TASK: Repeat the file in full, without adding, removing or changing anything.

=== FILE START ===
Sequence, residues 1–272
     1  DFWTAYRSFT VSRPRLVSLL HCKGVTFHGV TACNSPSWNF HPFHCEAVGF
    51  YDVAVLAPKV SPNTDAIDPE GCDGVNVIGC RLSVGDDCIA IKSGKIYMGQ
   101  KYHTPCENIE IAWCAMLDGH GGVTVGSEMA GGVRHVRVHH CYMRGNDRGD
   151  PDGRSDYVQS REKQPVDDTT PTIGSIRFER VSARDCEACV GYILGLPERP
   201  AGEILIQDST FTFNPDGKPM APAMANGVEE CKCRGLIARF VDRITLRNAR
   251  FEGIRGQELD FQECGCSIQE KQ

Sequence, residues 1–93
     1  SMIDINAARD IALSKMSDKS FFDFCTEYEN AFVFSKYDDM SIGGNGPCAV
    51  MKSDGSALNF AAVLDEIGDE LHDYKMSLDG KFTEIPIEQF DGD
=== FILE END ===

Sequence, residues 1–272
     1  DFWTAYRSFT VSRPRLVSLL HCKGVTFHGV TACNSPSWNF HPFHCEAVGF
    51  YDVAVLAPKV SPNTDAIDPE GCDGVNVIGC RLSVGDDCIA IKSGKIYMGQ
   101  KYHTPCENIE IAWCAMLDGH GGVTVGSEMA GGVRHVRVHH CYMRGNDRGD
   151  PDGRSDYVQS REKQPVDDTT PTIGSIRFER VSARDCEACV GYILGLPERP
   201  AGEILIQDST FTFNPDGKPM APAMANGVEE CKCRGLIARF VDRITLRNAR
   251  FEGIRGQELD FQECGCSIQE KQ

Sequence, residues 1–93
     1  SMIDINAARD IALSKMSDKS FFDFCTEYEN AFVFSKYDDM SIGGNGPCAV
    51  MKSDGSALNF AAVLDEIGDE LHDYKMSLDG KFTEIPIEQF DGD